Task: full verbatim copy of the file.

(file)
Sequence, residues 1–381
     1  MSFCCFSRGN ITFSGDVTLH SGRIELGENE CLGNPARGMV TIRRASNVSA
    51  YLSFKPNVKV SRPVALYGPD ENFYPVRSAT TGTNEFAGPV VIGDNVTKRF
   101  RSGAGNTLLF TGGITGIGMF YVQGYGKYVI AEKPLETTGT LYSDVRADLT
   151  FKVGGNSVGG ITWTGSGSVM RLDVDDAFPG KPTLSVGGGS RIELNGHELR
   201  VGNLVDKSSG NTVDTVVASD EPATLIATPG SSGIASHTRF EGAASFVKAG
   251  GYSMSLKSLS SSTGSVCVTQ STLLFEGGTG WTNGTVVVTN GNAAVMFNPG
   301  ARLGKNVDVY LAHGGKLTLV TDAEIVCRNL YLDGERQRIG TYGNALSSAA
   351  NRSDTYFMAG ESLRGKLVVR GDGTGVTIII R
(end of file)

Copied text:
Sequence, residues 1–381
     1  MSFCCFSRGN ITFSGDVTLH SGRIELGENE CLGNPARGMV TIRRASNVSA
    51  YLSFKPNVKV SRPVALYGPD ENFYPVRSAT TGTNEFAGPV VIGDNVTKRF
   101  RSGAGNTLLF TGGITGIGMF YVQGYGKYVI AEKPLETTGT LYSDVRADLT
   151  FKVGGNSVGG ITWTGSGSVM RLDVDDAFPG KPTLSVGGGS RIELNGHELR
   201  VGNLVDKSSG NTVDTVVASD EPATLIATPG SSGIASHTRF EGAASFVKAG
   251  GYSMSLKSLS SSTGSVCVTQ STLLFEGGTG WTNGTVVVTN GNAAVMFNPG
   301  ARLGKNVDVY LAHGGKLTLV TDAEIVCRNL YLDGERQRIG TYGNALSSAA
   351  NRSDTYFMAG ESLRGKLVVR GDGTGVTIII R